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Do you have someone in your life who you suspect has hearing problems? You are not alone. Statistically speaking, it’s possible that most people know at least one individual who is hearing impaired and probably doesn’t realize it. About 36 million people in the United States have hearing challenges, according to Dr. Bettie Borton, AuD, president of the American Academy of Audiology. If it’s not a friend, it might be a spouse, parent or a grandparent.

Often hearing loss is a progressive issue for most, so even though you can tell there is a problem, they may not see it. It’s common for a person’s friend or family member to be the one who recognizes the problem in the first place. Maybe, what you should be asking is what you can do about it? It’s your job to help your friend or loved one come to the see what you already know. It’s time for them to schedule a hearing test.

It’s a complex topic for most because hearing loss and aging tend to go hand-in-hand. Consider some practical and less offensive ways you can get your close friend to agree to get a professional hearing test.

Start With a Discussion About Why Hearing Loss is a Concern

Make it about you, though, and not your friend, if that helps. For example, medical science has found a link between some kinds of hearing loss and conditions like Alzheimer’s disease. In fact, a 2014 report issued by Johns Hopkins Medicine shows there is a certain amount of brain shrinkage in patients that ignore their hearing loss as opposed to managing it with hearing aids and other devices.

Talk to your friend about the fear you have that undetected hearing loss can hurt you down the road and why you think it’s time for to think about a hearing test.

Get One Yourself

The truth is that most people benefit from getting the occasional hearing test, so why not schedule one for yourself and challenge your friend to join you. Instead of talking about potential hearing loss, make the test part of a comprehensive wellness strategy, something you can work on together You get your nails done together, maybe, you go to the gym together, you might even head to the dentist together, so why not a hearing test?

Maybe, tell your friend you need some help because you’re not sure what to expect from a hearing test. You might even claim to that you’re not sure if you have hearing problems of your own. It can’t hurt you to get tested, especially if it helps out a friend.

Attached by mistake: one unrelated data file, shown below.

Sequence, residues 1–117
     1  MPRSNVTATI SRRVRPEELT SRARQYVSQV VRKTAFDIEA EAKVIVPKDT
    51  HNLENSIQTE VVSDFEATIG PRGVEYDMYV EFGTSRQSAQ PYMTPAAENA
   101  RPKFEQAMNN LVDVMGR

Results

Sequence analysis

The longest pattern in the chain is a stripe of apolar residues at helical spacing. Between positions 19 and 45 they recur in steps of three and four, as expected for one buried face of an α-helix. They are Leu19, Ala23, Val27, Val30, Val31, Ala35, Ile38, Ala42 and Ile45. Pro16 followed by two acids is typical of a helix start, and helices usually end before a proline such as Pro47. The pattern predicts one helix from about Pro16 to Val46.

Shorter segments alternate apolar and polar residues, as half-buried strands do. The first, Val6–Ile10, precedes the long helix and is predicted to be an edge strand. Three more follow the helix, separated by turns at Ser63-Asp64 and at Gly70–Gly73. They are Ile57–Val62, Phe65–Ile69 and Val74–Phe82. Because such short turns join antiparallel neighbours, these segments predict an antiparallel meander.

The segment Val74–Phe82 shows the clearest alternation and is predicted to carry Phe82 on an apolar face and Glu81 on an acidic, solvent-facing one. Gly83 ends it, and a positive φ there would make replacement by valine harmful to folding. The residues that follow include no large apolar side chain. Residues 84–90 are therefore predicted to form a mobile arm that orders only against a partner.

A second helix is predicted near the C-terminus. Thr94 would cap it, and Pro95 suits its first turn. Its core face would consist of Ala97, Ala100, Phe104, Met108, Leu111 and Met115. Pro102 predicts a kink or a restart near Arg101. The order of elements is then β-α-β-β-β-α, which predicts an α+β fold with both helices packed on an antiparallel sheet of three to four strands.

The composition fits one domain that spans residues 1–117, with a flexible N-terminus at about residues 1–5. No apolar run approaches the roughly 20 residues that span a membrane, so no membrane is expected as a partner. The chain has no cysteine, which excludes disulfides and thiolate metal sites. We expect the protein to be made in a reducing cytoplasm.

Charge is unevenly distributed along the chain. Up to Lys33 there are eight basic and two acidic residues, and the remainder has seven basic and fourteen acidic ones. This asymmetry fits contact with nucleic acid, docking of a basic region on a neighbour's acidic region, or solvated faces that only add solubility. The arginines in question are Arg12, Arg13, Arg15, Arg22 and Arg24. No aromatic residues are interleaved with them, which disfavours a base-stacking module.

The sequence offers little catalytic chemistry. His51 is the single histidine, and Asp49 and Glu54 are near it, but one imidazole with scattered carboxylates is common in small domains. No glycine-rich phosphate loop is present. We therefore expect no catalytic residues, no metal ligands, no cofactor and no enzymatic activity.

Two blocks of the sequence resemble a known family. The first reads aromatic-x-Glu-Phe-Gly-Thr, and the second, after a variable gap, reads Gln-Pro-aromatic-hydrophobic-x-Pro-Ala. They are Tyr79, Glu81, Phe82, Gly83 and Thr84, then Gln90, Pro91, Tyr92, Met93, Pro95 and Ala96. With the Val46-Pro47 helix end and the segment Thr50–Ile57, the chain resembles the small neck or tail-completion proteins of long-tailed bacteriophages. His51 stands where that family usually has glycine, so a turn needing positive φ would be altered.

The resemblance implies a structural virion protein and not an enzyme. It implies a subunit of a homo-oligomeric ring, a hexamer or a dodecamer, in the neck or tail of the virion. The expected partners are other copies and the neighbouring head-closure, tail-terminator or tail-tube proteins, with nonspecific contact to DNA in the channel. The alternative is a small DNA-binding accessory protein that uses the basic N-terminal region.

Recognize the Signs

Maybe just being honest is the better approach for this particular friend, but before you start that discussion, take some time to get the facts right. It’s possible what you’ve noticed isn’t about hearing loss, but a sign of another condition. This is the right time to get familiar with the signs of hearing loss, so you can talk intelligently with your friend. Some of the most common symptoms include:

  • Your friend avoids social settings
  • Your friend feels tired all the time
  • Your friend is having unexplained headaches
  • Your friend complains about ringing in the ears
  • Your friend tends to get the details wrong a lot
  • Your friend mutters “What” during every conversation
  • Your friend keeps turning the volume up

These little things are not something a person might pick up on their own, but stuff you as a friend might notice.

Now, Point Out the Things You’ve Noticed

Start a conversation about what you’ve noticed like:

  • You’ve been repeating yourself a lot
  • Your friend is getting some details wrong during your conversations
  • You’ve noticed this friend seems to struggle to hear you talk

Point out some of the tell-tale signs of hearing loss, such as turning the head to one side to hear or the seemingly automatic “What” all through your discussions. It might be your friend always has a look of extreme concentration or even confusion during a conversation.

Take the time to write some specific examples, too. The more details you offer, the more your friend will recognize the symptoms. Even it if it doesn’t sink in the first time around, you planted a seed and now this person will start to notice things on their own. Don’t be confrontational, just caring and concerned.

Once, you’ve had the talk, offer to make the appointment for your friend. It will usually start with a trip to the ear doctor. Afterward, you can go along for the test as support.

Hearing loss is not an easy thing to accept, but an important challenge to face because there are consequences if you don’t. Be that friend that understands the need and help that someone in your life find their way back to healthy hearing.

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